The prosperity gospel has confused people about the crucial difference between doing good and doing well. Being rich is absolutely no barometer of anything beyond, well, being rich. It is not a sign of righteousness; it is not even a sign of superior intelligence. It just is. And it, like everything else, happens to the just and the unjust (Matthew 5:45)! The other inevitability that doesn’t change based on net worth is that we all die, rich or poor. And no one takes anything with them beyond the legacy of our lives to present to God.
    As Luke tells it, the poor man has a name (Lazarus) and the rich man does not. In our world, it is evermore the opposite. The ‘great unwashed’ remain nameless because to know their names is to begin the painful, converting process of empathy! And empathy is the mortar that bridges the chasms of class, race, and all the “isms” we use in our impossible search for peace and safety!
    Luke is illustrating here the unbreachable chasm we create by the cumulative acts that form our hearts. This is not easy reading for the soft-hearted among us who would like to think that patterns of selfishness will be forgiven post-mortem with God’s “There, there, now, it’s alright” even without any intention of remorse! The entitled one in this story is clueless even after death as he persists in treating Lazarus like his inferior, requesting from him a drink of water even as he fries in the flames of his own selfishness. The rich man asks for water, but not the water of life; he wants mercy but without paying the price of repentance.
    It isn’t enough to feel bad for the poor or even to think of your guilty conscience as somehow redemptive. The poor are still poor; the hungry are still hungry; the homeless are…and on and on. The chasm that has been fixed between heaven and hell has its origins in the chasms we create on earth to separate us from those we can’t or won’t see as our kith and kin. Even with those who have little or no interest in lending a hand to others, there still remains some degree of concern for immediate family as evidenced by the rich man’s concern for his brothers. But, as the story plays out, it is quite clear that the rich man was “hard of listening” about mercy and justice. Even now that Jesus Christ has risen from the dead, too many remain in a self-induced state of stubborn denial.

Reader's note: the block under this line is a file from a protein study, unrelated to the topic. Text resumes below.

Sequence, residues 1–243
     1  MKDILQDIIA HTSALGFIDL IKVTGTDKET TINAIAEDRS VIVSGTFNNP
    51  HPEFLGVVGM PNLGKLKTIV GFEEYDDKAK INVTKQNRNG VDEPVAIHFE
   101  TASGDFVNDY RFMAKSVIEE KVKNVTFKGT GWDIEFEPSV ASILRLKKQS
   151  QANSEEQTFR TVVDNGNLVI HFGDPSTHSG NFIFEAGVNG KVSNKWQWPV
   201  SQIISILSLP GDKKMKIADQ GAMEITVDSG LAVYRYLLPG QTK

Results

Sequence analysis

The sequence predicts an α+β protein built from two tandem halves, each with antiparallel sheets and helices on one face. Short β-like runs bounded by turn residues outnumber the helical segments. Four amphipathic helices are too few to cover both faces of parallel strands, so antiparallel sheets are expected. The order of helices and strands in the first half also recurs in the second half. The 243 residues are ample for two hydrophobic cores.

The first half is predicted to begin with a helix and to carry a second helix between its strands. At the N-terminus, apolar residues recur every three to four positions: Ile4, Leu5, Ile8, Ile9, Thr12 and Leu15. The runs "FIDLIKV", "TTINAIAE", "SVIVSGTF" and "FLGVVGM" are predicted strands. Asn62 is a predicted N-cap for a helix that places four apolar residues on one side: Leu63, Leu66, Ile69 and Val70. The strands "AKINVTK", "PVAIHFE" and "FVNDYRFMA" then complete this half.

Have you ever seen a hearse pulling a U-Haul? Those ancient Egyptian tombs littered with riches, petrified food and amulets are evidence that we can’t take a thing with us into eternity. It will just be each of us, alone before God, but in the background will be a crowd of witnesses—both rich and poor—as testaments to our tender hearts or our self-destructive ‘heart problem.’ 1 Timothy 6:10 warns that an eagerness to be rich (which usually also means an unwillingness to be generous) leads to all sorts of radiating pain; the consequences begin with the wealth-seeker and spread out into the world in a spiral of parsimony and heartlessness.
    We who believe what God says in his Word and in our hearts are children and heirs of that One who owns everything and shares it with abandon. Others will choose to place their hopes on the uncertainty of earthly riches. Who will ultimately be destitute? Moses, the prophets and Jesus have words for us. Will we listen?

e-Devotion author: Nance Wabshaw
If you are interested in becoming an e-Devotion author, please contact Carole Becker at or 602.319.0959 .
The e-Devotion can also be viewed on the All Saints website or our Facebook page.

Weekly e-Devotion: November 9 Edition

Mark 12:38-44
Gospel Lesson for Sunday Nov 11 2018

38 As he taught, he said, “Beware of the scribes, who like to walk around in long robes, and to be greeted with respect in the market-places, 39and to have the best seats in the synagogues and places of honor at banquets! 40They devour widows’ houses and for the sake of appearance say long prayers. They will receive the greater condemnation.”41 He sat down opposite the treasury, and watched the crowd putting money into the treasury. Many rich people put in large sums. 42A poor widow came and put in two small copper coins, which are worth a penny.43Then he called his disciples and said to them, “Truly I tell you, this poor widow has put in more than all those who are contributing to the treasury. 44For all of them have contributed out of their abundance; but she out of her poverty has put in everything she had, all she had to live on.”